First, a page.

Getting Started

An introduction to Eta - the language and the ecosystem.

Objectives

  • You will learn what Eta is all about.
  • You will understand why we created the language.

Overview

Eta is pure, lazy, statically-typed functional programming language on the Java Virtual Machine.


These three features put together provide a pleasing development experience:

  • Libraries with APIs that are intuitive and are fun to work with.
  • Codebases that developers can fearlessly modify and extend.
  • Best software engineering practices are enforced at compile-time.

Motivation

We are all used to large codebases that everyone is afraid to touch. We feel that is unacceptable and that we need a language that encourages best practices by construction and notifies you as soon as you are headed down a painful road.


We found that Haskell solves the problem, but we realized upon research that if it is to reach the industry at large, we must have an implementation on the JVM. This opens us up to the extremely mature JVM tooling and allows Eta to be used in enterprise settings.


Goals

Eta is a fork of GHC, the Glasgow Haskell Compiler, which focuses on:

  • User Experience
    • Error messages should be easy to read
    • The developer should be able to interact with the compiler and get feedback
  • Performance
    • Compilation should be fast and incremental
    • Runtime should be fast and tunable on demand.
    • Tooling should help developers quickly track down correctness and performance bugs.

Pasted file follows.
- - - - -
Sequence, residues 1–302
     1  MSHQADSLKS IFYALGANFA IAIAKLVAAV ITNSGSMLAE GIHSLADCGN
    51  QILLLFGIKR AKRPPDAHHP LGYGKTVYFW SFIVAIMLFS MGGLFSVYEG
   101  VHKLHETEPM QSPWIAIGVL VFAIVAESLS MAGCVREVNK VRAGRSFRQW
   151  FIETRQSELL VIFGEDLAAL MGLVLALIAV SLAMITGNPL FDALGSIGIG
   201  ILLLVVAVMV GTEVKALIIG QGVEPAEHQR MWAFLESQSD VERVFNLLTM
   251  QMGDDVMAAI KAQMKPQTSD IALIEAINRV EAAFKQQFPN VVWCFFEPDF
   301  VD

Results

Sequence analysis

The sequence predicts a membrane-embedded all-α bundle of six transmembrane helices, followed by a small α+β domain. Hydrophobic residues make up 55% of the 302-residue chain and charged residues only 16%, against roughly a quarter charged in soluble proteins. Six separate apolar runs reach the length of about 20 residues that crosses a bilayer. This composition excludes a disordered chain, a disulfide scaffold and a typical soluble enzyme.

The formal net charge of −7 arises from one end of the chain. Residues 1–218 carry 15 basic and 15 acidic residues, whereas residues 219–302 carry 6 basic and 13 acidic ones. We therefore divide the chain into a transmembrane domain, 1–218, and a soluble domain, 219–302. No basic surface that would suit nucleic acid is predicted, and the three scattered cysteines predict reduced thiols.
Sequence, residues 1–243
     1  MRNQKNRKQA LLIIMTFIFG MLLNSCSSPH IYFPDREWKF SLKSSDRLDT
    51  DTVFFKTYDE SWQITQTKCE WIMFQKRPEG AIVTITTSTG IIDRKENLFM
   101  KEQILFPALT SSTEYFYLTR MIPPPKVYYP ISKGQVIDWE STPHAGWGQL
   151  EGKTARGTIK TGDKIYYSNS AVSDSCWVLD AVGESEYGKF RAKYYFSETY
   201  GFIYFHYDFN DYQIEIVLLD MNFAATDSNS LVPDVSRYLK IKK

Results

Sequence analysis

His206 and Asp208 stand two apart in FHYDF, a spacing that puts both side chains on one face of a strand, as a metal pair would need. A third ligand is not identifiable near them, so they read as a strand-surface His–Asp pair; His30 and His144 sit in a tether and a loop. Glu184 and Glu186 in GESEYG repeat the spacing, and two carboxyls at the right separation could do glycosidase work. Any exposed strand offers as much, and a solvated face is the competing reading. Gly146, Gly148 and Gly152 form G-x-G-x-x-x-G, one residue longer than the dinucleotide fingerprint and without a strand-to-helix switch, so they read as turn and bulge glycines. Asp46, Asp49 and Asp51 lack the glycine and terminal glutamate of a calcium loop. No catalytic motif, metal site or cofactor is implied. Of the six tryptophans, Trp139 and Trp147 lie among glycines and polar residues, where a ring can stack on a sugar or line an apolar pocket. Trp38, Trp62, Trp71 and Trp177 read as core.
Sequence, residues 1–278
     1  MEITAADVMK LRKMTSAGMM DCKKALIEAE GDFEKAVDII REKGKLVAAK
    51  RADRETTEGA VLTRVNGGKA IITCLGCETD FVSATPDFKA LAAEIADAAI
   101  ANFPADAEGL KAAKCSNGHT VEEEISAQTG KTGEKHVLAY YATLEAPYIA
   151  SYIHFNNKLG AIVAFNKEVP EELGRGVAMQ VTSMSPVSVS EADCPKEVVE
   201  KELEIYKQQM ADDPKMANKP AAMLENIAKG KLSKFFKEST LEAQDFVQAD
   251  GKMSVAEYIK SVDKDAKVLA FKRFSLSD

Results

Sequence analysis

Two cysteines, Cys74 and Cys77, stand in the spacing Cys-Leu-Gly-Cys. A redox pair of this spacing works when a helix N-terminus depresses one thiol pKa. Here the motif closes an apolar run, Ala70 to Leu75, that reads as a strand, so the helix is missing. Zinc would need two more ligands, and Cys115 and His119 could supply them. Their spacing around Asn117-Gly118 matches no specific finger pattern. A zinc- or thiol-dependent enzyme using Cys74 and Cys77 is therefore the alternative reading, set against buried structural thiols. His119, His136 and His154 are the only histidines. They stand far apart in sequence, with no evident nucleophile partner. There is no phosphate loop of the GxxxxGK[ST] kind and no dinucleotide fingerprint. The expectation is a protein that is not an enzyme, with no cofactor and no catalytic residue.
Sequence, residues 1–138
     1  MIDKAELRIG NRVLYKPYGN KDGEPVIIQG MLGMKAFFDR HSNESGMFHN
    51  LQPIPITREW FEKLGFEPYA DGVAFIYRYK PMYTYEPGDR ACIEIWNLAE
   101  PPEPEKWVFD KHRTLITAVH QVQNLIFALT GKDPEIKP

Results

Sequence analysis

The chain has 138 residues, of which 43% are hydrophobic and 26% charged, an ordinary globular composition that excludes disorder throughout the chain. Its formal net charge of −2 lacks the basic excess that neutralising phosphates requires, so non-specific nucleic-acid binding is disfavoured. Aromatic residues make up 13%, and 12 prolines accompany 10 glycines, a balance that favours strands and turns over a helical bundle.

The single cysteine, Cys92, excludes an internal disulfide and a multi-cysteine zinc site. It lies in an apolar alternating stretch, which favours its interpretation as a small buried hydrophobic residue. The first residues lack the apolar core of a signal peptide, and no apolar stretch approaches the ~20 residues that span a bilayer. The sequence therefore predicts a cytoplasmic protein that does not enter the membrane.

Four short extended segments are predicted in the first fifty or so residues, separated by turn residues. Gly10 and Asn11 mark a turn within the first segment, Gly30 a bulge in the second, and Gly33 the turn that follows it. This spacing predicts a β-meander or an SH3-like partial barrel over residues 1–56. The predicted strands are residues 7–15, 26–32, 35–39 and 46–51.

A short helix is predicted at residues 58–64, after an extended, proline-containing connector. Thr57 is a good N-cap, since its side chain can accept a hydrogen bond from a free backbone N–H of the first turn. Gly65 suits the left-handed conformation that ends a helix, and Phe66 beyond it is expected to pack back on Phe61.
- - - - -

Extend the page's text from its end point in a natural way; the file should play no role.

• Safety
    • Developers should be notified when they're writing bad code.
    • Developers should be able to refactor quickly without breaking existing code.

As Eta shares the 30-year-old compiler infrastructure of GHC, the developer has access to very powerful optimizations that allows her to write high-level functional code and get good performance at the same time.


With Eta, you get the best of Haskell (language) and the best of Java (platform) which allows you to re-use a large repository of existing libraries.

A Taste of Hello World

We will now take a look at the obligatory "Hello World" program to get a feel for Eta syntax.


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main :: IO ()
main = putStrLn "Hello World!"

Notes:

  • main is called a binder, or constant variable.
  • () is called unit and is a type.
  • IO () is called a type.
  • :: operator can be read as "has type"
  • = operator is used for binding a binder to a value.
  • putStrLn is a binder whose value is a function.
  • "Hello World!" is a string, a sequence of characters.

You can read this in your head as:

  • Line 1: The main binder has type IO ().
  • Line 2: The main binder is bound to an expression putStrLn "Hello World!".

main is a special binder that corresponds to the start of the program. The entrypoint of the program must have type IO () which can be thought of as an operation that can potentially interact with file system, network, the OS, or perform any side-effect whatsoever.

Next Lesson

We will now proceed to setup the working environment for Eta.